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Apple relieved after court overturned EU’s $14.9 billion tax bill

court overturns ruling that ordered Apple to pay billions in back taxes to the Irish government

On July 15, the European Union’s (EU) second-highest court overturned a ruling that targeted Apple. The iPhone-maker received an order to pay €13 billion ($14.9 billion) in back taxes in 2016 to the Irish government.

The European Commission made that ruling. At the time, it was seen as a considerable win for the EU’s antitrust chief, Margrethe Vestager.

A ‘sweetheart deal’

The antitrust chief said that a ‘sweetheart deal’ between the Irish government and Apple meant that the iPhone-maker paid tax rates of below 1% for years. This deal came in a uniquely preferential package that counted as ‘illegal state aid’. Vestager said in 2016:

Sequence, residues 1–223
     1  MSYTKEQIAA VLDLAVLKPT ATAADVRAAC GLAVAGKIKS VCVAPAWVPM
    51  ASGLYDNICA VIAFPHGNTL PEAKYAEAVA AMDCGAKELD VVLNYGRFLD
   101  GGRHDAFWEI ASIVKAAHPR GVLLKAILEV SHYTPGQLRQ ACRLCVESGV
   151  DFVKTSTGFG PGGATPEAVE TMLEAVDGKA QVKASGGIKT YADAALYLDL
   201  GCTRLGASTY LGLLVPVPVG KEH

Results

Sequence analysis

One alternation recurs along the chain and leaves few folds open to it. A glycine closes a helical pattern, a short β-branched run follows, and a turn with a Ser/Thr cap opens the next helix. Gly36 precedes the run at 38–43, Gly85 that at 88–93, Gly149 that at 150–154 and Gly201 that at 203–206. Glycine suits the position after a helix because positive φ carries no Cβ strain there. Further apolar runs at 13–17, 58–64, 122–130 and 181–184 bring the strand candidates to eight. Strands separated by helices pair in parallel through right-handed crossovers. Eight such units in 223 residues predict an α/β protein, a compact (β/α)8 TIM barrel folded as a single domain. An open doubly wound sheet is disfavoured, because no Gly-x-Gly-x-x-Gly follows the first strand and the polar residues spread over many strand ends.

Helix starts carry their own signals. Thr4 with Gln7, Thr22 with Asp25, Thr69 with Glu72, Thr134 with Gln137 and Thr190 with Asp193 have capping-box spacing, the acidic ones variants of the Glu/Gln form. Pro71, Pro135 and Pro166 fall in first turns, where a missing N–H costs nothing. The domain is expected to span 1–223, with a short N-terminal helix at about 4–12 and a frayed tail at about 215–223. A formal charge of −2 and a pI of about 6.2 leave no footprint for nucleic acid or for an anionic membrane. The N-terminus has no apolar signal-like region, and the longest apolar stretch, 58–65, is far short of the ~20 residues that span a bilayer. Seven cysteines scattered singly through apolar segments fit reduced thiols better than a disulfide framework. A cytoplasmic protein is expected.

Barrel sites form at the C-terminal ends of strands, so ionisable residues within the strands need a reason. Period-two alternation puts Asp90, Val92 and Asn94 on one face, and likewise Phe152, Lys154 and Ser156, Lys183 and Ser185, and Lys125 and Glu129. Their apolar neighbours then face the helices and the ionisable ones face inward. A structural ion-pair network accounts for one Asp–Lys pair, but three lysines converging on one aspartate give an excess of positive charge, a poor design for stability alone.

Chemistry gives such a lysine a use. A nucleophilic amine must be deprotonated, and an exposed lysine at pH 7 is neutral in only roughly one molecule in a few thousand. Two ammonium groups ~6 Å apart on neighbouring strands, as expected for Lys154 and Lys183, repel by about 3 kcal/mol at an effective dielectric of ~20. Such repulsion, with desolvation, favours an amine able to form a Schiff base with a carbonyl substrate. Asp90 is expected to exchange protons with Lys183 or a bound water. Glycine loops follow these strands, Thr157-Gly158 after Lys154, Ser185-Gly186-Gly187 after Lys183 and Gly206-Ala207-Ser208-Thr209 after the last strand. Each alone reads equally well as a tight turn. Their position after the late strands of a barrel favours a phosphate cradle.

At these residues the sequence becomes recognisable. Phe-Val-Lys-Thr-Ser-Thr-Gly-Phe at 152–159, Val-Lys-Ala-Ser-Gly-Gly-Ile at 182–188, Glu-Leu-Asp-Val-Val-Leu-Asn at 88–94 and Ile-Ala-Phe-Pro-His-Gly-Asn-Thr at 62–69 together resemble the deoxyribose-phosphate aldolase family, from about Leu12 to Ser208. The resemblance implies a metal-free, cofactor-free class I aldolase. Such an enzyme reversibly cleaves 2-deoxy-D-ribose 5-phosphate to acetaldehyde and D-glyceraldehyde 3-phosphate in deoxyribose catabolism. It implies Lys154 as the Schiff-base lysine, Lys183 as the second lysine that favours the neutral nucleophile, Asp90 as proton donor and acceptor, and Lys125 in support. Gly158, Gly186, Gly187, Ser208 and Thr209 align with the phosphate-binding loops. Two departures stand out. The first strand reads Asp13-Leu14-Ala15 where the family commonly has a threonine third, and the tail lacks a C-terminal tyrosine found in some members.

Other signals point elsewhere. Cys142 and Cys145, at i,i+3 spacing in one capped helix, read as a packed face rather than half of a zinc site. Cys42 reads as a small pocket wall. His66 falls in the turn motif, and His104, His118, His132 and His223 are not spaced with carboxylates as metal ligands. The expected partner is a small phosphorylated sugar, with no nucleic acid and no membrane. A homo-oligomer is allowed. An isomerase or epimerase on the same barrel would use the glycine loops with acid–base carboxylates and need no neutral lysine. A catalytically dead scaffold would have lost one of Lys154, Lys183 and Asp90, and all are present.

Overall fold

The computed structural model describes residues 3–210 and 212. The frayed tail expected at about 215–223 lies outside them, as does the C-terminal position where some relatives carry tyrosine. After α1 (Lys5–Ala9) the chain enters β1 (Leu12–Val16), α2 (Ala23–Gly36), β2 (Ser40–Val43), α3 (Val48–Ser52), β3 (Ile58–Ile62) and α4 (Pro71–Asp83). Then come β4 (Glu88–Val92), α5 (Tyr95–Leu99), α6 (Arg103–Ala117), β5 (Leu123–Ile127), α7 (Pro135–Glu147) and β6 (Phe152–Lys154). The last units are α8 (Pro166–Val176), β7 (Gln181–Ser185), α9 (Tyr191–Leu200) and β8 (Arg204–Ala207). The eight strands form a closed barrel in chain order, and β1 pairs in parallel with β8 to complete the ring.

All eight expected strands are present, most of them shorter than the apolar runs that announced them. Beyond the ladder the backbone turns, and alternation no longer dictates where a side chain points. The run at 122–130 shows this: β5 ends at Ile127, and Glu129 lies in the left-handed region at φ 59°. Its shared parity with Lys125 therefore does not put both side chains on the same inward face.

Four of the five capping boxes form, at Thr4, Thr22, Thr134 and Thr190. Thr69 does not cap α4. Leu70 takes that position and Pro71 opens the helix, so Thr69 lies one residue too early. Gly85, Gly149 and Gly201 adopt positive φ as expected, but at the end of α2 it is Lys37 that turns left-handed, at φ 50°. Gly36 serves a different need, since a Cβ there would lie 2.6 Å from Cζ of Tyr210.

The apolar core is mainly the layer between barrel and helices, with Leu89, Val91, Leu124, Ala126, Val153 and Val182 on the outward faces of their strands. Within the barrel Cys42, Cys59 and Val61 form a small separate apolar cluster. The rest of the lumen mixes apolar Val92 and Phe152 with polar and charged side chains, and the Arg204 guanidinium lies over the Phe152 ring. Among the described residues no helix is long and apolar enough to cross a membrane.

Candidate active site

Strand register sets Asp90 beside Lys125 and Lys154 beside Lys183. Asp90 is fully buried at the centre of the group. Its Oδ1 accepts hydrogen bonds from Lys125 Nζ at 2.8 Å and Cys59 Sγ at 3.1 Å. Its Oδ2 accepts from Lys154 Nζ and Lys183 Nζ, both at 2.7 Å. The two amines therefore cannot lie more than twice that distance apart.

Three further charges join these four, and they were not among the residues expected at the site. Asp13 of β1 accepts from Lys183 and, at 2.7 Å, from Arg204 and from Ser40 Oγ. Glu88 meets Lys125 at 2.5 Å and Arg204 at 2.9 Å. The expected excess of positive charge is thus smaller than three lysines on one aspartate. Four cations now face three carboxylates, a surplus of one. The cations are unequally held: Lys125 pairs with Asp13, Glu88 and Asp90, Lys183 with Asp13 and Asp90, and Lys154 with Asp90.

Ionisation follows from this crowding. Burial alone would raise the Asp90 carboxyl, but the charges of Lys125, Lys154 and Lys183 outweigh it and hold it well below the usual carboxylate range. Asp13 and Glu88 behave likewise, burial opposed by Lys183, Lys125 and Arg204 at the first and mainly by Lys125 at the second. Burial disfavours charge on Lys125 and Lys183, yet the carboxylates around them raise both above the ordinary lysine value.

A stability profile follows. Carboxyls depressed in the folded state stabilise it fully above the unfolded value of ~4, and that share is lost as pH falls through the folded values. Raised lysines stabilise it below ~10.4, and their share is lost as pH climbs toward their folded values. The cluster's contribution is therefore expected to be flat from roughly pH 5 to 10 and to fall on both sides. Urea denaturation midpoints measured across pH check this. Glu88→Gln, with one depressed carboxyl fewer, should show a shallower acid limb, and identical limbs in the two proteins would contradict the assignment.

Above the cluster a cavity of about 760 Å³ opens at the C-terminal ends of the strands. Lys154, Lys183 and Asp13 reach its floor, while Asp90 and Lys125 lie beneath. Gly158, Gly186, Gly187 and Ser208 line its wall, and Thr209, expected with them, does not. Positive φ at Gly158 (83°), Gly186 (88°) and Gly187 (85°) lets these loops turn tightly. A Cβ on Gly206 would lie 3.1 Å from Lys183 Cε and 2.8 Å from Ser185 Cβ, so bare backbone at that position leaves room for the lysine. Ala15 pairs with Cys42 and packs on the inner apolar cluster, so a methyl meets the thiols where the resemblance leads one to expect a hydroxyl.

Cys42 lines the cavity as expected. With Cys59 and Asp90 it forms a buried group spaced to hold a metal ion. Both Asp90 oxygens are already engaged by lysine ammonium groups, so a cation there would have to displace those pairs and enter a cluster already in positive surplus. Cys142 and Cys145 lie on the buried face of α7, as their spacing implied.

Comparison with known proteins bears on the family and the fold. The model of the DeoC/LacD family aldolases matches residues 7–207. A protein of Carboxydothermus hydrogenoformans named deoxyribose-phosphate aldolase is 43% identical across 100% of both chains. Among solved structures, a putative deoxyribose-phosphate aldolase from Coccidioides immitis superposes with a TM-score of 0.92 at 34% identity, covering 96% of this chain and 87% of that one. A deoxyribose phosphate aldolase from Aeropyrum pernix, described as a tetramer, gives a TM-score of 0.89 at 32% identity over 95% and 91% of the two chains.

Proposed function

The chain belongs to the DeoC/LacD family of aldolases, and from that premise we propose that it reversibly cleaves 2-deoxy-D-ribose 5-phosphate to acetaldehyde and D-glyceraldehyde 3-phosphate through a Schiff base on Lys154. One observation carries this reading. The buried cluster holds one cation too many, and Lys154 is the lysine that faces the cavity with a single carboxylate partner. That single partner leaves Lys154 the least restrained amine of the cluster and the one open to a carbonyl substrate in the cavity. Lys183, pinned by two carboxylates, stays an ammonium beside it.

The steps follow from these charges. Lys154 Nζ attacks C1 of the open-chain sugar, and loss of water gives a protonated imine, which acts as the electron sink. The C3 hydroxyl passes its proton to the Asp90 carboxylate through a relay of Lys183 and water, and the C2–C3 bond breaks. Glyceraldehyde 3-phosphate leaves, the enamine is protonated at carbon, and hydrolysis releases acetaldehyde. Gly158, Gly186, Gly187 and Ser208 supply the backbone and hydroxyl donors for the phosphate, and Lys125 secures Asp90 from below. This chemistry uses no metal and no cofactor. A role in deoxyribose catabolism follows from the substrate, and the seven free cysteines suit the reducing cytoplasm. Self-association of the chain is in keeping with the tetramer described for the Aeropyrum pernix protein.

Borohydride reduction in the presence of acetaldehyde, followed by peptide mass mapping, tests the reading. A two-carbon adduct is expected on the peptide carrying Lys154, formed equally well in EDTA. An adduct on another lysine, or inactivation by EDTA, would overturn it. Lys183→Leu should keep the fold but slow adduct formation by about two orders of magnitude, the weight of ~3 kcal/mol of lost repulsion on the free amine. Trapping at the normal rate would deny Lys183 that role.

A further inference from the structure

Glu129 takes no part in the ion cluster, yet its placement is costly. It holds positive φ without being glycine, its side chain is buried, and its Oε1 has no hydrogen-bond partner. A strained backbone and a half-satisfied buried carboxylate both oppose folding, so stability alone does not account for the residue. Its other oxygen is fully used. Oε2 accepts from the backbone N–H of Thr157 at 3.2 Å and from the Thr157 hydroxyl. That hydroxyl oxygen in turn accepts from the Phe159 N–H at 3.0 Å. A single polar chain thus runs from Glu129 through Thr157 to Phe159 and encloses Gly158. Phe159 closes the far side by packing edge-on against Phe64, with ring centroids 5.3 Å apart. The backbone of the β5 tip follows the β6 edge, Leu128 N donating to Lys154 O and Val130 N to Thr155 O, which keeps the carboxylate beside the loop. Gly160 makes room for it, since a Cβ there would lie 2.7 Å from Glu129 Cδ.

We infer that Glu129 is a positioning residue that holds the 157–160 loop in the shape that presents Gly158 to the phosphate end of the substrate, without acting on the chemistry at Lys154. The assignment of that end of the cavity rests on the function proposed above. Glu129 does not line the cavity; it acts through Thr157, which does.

“Member States cannot give tax benefits to selected companies – this is illegal under EU state aid rules. The Commission’s investigation concluded that Ireland granted illegal tax benefits to Apple, which enabled it to pay substantially less tax than other businesses over many years.”

Both the Irish government and Apple refuted these claims.

However, judges of the General Court of the European Union overturned that decision. These judges said in a statement that the Commission failed showing to the requisite legal standard that Apple had any advantage from this arrangement. The Commission now has two months and ten days to appeal the overruling decision.

The trading session [July 14th] closed at $388.23 price per AAPL share.

AAPL price chart. Finviz.com data.

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Jeremy is a content crafter and has experience in writing about finances and digital assets for over 5 years. At Finbold.com he covers news related to finance, regulations, startups and cybersecurity on a daily basis.